But then again, in order to be a blogger, you must write. You must, as Teresa said, put words together for a purpose, that purpose being to write posts that generate immediate responses from, and interactions with, other bloggers.

Bottom line, bloggers write and some bloggers may even get books published (or get their stories or poems published in anthologies). Published writers write and may or may not blog.

Does it really matter, at the end of the day, whether I call myself a blogger or a writer? Probably not. So, um, never mind.

More important, what are you? Do you consider yourself to be a blogger who writes or a writer who blogs?


Previous A to Z Challenge 2019 posts:

A B C D E F G H I J K L M N O P Q R S T U V W X Y Z

62 thoughts on “B is for Blogger

  1. The Haunted Wordsmith April 2, 2019 / 6:11 am

    I think you’ll find many will disagree with your defined goal of being a writer. Many do not pursue being a NY Times Bestseller (in fact, most I know do not). For many, the point of blogging is to earn money. They are the content providers to websites. Most large companies do not write their own content. There is a whole market for content providers (i.e. bloggers). Interesting response to my post 🙂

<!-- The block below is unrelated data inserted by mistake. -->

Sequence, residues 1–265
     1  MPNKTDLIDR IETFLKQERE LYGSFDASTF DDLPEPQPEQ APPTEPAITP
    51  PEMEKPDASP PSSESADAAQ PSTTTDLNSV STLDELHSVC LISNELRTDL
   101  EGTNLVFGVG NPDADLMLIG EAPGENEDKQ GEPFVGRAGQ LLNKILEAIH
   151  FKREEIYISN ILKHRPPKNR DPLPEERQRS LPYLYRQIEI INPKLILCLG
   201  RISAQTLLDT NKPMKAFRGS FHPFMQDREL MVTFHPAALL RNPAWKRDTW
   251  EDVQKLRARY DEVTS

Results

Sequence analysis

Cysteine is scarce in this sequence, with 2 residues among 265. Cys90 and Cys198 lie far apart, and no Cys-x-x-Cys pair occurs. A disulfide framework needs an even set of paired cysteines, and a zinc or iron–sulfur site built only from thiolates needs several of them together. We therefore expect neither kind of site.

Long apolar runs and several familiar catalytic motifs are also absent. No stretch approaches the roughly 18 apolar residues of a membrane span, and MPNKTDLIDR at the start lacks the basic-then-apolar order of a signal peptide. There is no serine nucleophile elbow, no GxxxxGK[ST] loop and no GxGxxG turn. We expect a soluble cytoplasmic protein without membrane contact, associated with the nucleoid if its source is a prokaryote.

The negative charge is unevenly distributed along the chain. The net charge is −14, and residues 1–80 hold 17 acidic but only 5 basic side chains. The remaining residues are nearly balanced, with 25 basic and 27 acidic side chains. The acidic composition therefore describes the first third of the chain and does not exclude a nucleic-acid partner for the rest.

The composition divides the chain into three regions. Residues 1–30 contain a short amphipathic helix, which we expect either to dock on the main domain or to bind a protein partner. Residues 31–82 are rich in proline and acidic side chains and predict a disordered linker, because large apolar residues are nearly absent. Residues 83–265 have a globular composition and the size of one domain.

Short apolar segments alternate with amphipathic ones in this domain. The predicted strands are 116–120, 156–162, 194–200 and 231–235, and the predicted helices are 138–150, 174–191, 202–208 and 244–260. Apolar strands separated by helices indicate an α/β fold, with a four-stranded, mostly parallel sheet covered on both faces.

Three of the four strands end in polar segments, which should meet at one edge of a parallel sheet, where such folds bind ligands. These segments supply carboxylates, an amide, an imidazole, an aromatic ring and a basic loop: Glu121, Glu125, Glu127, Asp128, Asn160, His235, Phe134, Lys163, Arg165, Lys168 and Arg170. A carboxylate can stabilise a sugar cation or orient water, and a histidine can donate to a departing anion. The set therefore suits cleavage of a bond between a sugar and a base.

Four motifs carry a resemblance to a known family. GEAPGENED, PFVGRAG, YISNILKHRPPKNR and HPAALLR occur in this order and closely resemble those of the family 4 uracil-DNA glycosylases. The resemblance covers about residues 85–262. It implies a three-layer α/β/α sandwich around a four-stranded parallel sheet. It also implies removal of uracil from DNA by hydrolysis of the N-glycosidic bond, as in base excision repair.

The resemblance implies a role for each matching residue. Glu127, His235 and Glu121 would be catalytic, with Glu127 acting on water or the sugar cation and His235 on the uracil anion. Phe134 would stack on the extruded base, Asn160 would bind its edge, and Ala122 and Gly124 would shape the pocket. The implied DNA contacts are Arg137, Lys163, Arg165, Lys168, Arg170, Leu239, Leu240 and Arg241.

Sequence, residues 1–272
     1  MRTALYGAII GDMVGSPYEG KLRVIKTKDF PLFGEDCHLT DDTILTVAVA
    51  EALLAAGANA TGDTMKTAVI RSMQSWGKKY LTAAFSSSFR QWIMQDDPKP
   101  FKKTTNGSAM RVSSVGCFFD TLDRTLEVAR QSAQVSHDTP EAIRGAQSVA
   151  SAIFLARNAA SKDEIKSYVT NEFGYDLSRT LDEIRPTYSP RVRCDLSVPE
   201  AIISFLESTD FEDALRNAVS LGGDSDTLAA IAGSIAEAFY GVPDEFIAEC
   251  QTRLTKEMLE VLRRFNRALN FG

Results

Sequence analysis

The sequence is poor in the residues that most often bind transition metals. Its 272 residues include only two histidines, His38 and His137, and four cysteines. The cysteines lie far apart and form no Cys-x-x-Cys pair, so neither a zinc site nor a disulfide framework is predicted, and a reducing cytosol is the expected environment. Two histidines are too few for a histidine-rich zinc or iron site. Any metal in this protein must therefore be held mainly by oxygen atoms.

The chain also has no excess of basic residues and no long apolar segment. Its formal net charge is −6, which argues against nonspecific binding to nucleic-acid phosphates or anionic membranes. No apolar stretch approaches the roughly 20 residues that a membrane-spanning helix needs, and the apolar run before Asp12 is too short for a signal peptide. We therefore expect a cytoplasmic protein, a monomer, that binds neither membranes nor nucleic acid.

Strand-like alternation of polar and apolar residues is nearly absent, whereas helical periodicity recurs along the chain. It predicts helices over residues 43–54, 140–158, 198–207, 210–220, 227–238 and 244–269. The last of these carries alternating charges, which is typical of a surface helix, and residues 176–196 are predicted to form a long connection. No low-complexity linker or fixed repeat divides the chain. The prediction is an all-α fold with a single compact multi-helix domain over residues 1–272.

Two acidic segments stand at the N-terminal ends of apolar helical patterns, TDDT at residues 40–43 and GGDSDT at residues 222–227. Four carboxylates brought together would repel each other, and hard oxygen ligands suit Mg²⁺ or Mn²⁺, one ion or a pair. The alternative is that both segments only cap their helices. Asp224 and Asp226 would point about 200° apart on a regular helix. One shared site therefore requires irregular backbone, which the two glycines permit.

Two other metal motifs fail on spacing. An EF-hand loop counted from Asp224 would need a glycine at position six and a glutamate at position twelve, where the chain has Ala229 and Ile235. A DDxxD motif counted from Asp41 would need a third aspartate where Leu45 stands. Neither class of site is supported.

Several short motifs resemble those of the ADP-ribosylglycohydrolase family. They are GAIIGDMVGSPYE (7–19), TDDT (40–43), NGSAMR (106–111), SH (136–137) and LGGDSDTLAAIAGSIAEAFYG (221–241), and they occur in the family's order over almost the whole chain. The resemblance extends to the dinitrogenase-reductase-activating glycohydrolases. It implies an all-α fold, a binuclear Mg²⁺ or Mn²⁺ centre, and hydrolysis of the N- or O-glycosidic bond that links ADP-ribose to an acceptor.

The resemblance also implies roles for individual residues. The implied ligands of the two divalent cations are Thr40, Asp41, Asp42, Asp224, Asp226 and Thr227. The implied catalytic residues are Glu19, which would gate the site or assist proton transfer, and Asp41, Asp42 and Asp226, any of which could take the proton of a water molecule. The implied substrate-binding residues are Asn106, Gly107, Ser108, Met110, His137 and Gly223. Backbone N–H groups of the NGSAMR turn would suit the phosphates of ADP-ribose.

For what it’s worth, I consider you a writer–not a blogger. But, all that matters is how we define and view ourselves.

    Liked by 3 people

    • Fandango April 2, 2019 / 8:33 am

      I know that my “definition” of a writer is uniquely my own. As to making money blogging, I think many of us WISH we could make money as a blogger, but very few actually do make much, if any, money from their blogs. I don’t even try to monetize my blog.